Clark County hosts 2021 Kentucky Open Water Swimming Championships

Published 2:30 pm Monday, September 27, 2021

The Kentucky Open Water Swimming Championships had not happened since 2016, but the event returned Saturday in the waters of the Kentucky River in Clark County.

The five-year hiatus disconnected race swimming in the Commonwealth from its ancient roots.

“Truly, it’s the origin of competitive swimming,” said Kevin Ryan, the head coach of the local swim team, the Swimchester Sailfish, and the event’s organizer. “People [did it], hundreds of years ago, swimming in lakes, rivers and oceans.”

Email newsletter signup

Also known as marathon swimming, it has been an Olympic-sanctioned sport since 2008. Instead of swimming in lanes, competitors follow a course outlined by buoys.

17-year-old twins Samantha and Sarah Coffey are members of the Sailfish and were two of the 45 athletes that competed.

They have been swimming for ten years. The two have competed in open water races in Tennessee and Florida and said the departure from regular racing is intimidating at first.

“It’s hard at first because you don’t really know how it is going to go because you’ve never done it,” said Samantha Coffey.

Sarah Coffey said that once a swimmer gets used to the situation, they find “it is manageable.”

Nothing prepared the twins for the shock of the Kentucky River’s chilly waters.

“I’ve never swam in this cold of water before, so I was starstruck at first,” Sarah Coffey said.

The sisters agreed that the best way to regain focus was to remember they “were doing it for the team.”

With the meet taking place in an uncontrollable body of water, there are several safety precautions to follow.

“Well, you have lifeguards and various points throughout the race,” Kentucky Swim official Lisa Anne Peacock explained about the safety regulations. “You’ve got boats, and then all of the buoys are marked; everything is clearly marked.”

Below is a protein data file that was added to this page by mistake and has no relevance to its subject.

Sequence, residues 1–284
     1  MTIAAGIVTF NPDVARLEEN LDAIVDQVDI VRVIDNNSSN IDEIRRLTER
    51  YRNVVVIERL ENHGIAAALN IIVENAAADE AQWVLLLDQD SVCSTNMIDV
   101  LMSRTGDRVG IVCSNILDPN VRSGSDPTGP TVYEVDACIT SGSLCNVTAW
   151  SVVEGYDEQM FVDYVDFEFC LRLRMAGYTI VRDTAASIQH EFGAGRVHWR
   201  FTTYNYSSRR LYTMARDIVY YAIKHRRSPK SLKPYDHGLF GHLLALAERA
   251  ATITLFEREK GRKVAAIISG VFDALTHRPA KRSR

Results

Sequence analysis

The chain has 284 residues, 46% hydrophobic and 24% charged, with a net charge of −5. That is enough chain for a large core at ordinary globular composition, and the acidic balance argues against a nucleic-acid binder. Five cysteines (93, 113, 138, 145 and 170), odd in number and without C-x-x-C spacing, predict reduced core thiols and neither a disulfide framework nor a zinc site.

Peacock said that competitors are marked with a number on different points of their bodies, have tickets they must give to an official before and retrieve after the race, and listen to a briefing before entering the water.

According to the 2021 USA Swimming Rulebook, an open water swimming event can occur in any body of water with a nominal current and a depth in parts of the waterway of at least 4.5 feet. The water temperature can be no less than 60.8 degrees, and the water quality must pass local quality standards.

The most challenging precaution to follow was finding boats and lifeguards.

Ryan said it was “quite an undertaking” to put together. Still, he found a sufficient number of watercraft thanks to the Winchester and Clark County Fire departments, and the Kentucky Department of Fish and Wildlife.

Finding lifeguards was easier since Ryan had access to qualified guards through his position as the aquatic director for Clark County Parks and Recreation. The lifeguards patrolled the course in kayaks while the competition took place.

The United States national governing body for swimming is currently in the middle of a push to build the sport up.

“USA Swimming is really making an effort to grow it at the grassroots level and the state level,” Ryan said. He added there “isn’t a culture of open water swimming in Kentucky.

Some of the issues that have kept the sport from finding firm footing in Kentucky are a lack of interest from athletes and the sheer undertaking of hosting a meet.

Ryan said he wants to see the sport grow statewide and described the meet as a passion project.

“It’s a lot of fun,” he said about the sport, comparing it to cross country track. “It’s a little bit aggressive, and there is some physical contact. You are dealing with less than ideal conditions; there are currents and wildlife … I like that part of it. Where when you dive into a pool, every pool is identical and repeatable.”

An unintended consequence of the meet is rehabilitating the reputation of the Kentucky River.

“The river gets a bad wrap,” Ryan said. “If you talk to anybody on the street in Winchester for a while, they turn their nose up at it and are grossed out.”

Ryan said that the river’s water quality tests regularly come back with positive results and only rises after “a day or two of heavy rain.”

He said that despite its ordinarily murky appearance, the river’s cleanliness and gentle currents made it an ideal body of water to host the meet.

The owner of Old Habits Bar and Grill, Jason Harris, had never even heard of open water swimming until Ryan approached him about using the bar’s dock to stage the races.

He was impressed by what he saw on Saturday, though.

“It’s pretty neat,” Harris said. “It’s wild everything going on. The organizers have got a lot of responsibility.”

Hopefully, the bar and the river won’t have to wait five more years to host the unique sporting contest again.